Relics of the Past: Why the Principle of Least Privilege Needs a Modern Rethink

By Brad Mandell November 14, 2016

Padlock Icon Computer Key Showing Safety Security And ProtectedIT might live at the bleeding edge of innovation, but one of the fundamentals of modern IT security is still rooted in the early 1970s: the Principle of Least Privilege. When it was first introduced, the idea was that, to prevent breaches, every user should be given the minimal level of access to their organization’s IT infrastructure necessary to do their jobs. No more, no less. And, in theory, it made sense – limit the number of people who can reach your most sensitive data, and you limit your exposure to a breach.

But, the Principle of Least Privilege was born at a time when the first floppy disks and microprocessors were barely off the assembly line. IT today is a far different universe, and the original interpretation of Least Privilege brings problems for today’s enterprises.

For one, it is based on a fundamental mistrust of your employees; it paints each of the people working with you as a potential security risk. Least Privilege also raises barriers at a time when the enterprise is seeking greater flexibility in development. It can be difficult to react, pivot and scale when a team’s security privileges are based on the bare minimum required to do their job at any given point in time.

But, what if the central pillar of the Principle of Least Privilege – minimizing your exposure to a breach by reducing your access footprint – was turned around to face the outside world, rather than cast internally?

It’s possible. The enterprise can close off its most sensitive workloads from the outside world, while maintaining free and open access internally, by turning away from the public internet and moving to an interconnection model. Moving cloud, SaaS platform and vendor connections from the public internet to an on-demand, private and secure network of direct connections can instantly cast the Principle of Least Privilege onto any would-be attacker – rather than your own employees – and still minimize the exposure to a breach.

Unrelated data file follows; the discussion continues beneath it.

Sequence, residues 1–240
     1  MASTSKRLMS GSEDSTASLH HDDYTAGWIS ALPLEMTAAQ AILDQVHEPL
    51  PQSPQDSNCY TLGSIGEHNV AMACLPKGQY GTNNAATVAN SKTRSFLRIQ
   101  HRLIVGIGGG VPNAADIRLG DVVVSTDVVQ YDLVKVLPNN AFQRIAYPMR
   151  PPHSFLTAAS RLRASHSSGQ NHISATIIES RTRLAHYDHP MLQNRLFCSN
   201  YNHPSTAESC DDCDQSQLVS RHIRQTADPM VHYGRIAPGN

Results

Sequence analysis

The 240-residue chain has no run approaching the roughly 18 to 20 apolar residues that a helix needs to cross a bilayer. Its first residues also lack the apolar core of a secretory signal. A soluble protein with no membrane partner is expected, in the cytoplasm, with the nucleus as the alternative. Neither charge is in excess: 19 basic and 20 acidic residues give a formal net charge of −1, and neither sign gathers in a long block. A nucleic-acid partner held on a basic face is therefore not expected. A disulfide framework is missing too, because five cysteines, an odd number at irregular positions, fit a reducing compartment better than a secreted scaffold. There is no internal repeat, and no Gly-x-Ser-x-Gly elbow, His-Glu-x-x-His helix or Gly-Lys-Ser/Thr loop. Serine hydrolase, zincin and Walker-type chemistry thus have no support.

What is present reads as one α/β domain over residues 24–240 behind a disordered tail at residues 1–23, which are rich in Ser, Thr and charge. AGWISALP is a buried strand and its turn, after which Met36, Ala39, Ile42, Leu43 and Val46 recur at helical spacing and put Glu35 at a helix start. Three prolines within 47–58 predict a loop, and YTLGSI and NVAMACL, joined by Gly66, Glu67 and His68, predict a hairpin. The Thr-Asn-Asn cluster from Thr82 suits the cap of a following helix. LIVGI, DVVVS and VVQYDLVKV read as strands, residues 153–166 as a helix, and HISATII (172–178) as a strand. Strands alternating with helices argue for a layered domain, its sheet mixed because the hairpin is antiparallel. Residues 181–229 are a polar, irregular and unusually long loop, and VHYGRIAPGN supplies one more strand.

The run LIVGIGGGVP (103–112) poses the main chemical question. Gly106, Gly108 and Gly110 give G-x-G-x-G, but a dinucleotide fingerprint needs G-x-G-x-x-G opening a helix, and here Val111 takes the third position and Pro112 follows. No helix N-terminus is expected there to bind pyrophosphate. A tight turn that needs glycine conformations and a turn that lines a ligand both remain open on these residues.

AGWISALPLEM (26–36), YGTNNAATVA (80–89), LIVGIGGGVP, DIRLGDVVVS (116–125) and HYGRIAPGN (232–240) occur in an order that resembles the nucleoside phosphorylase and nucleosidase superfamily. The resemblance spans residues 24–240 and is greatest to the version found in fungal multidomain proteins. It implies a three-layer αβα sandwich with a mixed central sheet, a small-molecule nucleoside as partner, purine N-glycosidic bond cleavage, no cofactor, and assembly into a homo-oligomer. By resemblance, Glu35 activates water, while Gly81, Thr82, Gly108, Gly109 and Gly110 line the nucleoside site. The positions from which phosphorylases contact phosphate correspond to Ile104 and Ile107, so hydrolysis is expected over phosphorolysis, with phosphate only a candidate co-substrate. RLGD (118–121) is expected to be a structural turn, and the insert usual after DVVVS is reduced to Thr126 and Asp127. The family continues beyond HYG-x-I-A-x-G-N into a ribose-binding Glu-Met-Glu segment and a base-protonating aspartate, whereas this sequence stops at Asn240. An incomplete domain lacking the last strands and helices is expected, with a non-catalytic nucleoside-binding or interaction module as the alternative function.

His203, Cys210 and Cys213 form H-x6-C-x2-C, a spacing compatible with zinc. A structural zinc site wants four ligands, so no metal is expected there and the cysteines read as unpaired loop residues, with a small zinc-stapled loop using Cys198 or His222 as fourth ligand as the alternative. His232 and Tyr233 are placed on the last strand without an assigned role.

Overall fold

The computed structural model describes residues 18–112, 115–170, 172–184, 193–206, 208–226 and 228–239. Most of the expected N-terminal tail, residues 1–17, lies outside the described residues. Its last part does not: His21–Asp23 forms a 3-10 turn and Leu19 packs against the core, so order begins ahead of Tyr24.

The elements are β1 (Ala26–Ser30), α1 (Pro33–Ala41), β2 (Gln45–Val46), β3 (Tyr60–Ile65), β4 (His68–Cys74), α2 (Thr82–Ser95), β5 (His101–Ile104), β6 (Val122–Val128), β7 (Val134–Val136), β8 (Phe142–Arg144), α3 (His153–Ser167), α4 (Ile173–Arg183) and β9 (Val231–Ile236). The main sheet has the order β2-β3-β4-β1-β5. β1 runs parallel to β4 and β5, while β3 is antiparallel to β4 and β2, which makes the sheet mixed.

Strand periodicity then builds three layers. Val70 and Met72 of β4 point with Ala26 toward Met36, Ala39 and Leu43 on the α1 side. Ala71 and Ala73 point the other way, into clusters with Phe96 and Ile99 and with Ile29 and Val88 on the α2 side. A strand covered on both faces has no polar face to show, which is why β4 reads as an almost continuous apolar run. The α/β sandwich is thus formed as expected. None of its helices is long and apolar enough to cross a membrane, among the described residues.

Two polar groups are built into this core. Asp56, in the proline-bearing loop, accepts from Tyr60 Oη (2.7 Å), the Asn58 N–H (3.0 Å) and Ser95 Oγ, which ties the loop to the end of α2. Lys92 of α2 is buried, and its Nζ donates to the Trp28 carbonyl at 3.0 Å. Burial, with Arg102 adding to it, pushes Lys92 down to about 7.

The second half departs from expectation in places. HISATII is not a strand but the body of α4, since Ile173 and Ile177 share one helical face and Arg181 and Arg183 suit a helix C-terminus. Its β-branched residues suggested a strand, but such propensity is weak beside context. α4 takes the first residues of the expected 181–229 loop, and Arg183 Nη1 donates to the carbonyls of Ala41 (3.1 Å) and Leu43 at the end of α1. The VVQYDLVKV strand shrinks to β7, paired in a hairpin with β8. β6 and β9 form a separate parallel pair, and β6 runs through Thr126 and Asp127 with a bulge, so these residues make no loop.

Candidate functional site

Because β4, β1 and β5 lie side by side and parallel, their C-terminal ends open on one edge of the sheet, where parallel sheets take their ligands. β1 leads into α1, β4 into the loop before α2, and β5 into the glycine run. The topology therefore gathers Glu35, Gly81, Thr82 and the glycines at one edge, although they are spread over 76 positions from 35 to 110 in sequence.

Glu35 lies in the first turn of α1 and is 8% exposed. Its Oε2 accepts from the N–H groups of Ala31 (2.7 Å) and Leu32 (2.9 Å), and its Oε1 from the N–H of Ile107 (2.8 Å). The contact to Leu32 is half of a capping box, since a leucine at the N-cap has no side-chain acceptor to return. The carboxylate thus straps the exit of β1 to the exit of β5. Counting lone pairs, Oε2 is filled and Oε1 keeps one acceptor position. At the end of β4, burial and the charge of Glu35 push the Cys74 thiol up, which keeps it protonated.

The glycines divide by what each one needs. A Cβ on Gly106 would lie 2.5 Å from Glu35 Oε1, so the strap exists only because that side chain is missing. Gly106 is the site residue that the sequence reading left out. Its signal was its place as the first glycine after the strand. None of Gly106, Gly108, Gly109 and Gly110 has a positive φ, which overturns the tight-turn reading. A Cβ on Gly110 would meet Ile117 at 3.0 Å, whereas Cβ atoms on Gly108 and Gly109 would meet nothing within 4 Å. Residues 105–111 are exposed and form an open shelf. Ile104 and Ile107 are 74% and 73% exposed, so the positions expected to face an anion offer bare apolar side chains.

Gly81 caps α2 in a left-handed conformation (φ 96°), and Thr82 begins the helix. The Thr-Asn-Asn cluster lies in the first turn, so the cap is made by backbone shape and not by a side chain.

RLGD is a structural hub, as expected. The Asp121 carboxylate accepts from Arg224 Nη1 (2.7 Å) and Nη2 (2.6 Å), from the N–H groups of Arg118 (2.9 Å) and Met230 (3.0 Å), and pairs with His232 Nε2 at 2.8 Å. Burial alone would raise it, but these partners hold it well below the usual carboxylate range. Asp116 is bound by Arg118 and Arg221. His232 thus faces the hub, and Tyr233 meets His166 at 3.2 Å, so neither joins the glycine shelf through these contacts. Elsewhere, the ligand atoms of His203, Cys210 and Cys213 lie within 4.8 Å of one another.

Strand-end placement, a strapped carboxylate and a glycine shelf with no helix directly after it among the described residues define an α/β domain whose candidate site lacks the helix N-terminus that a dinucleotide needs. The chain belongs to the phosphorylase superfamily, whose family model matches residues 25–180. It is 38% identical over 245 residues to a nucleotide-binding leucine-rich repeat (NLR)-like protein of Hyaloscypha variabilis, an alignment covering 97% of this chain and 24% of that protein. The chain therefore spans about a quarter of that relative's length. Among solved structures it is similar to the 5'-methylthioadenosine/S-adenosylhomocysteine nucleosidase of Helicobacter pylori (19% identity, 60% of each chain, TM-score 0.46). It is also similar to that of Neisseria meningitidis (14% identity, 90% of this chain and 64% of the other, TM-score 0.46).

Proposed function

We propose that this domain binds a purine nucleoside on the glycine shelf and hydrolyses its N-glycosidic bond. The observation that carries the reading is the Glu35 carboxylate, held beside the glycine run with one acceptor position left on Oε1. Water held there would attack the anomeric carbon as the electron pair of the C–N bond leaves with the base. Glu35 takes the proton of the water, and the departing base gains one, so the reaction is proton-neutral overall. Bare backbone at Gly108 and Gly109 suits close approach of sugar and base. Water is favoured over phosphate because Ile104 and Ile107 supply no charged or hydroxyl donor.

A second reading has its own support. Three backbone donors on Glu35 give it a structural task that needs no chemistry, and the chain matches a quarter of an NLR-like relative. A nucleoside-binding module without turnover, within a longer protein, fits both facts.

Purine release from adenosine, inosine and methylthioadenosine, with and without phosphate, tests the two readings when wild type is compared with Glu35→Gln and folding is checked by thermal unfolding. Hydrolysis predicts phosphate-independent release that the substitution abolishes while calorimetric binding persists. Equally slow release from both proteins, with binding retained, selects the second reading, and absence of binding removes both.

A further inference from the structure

Like many legacy components of enterprise IT, the Principle of Least Privilege has its uses, but it needs to be adapted if it is to be fit for purpose in today’s security landscape. Interconnections can enable this paradigm shift, allowing enterprises to secure their infrastructure from the possibilities of attack or service disruption, without restricting their teams to the bare minimum of their functionalities.

Console is an interconnection platform building digital ecosystems between enterprises and business-critical partners – including SaaS, cloud service, data center and network service providers – who can directly connect at the click of a button. Our digital ecosystem of interconnections spans more than 170 POPs in 20 countries around the world. Want to learn more? Click here to sign up for a free trial, or here for a firsthand look at the Console app itself.

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About Brad Mandell

Brad is responsible for driving worldwide revenue at Console, as well as developing marketing plans to enhance Console’s positioning and branding in the marketplace. He is a proven senior sales executive with broad experiences in both running large-scale organizations and publicly traded companies, and driving shareholder value with early-stage and mid-sized companies. He has grown several WW field groups from inception to broad WW coverage models, and has a deep understanding of both the science and art of sales leadership. Read more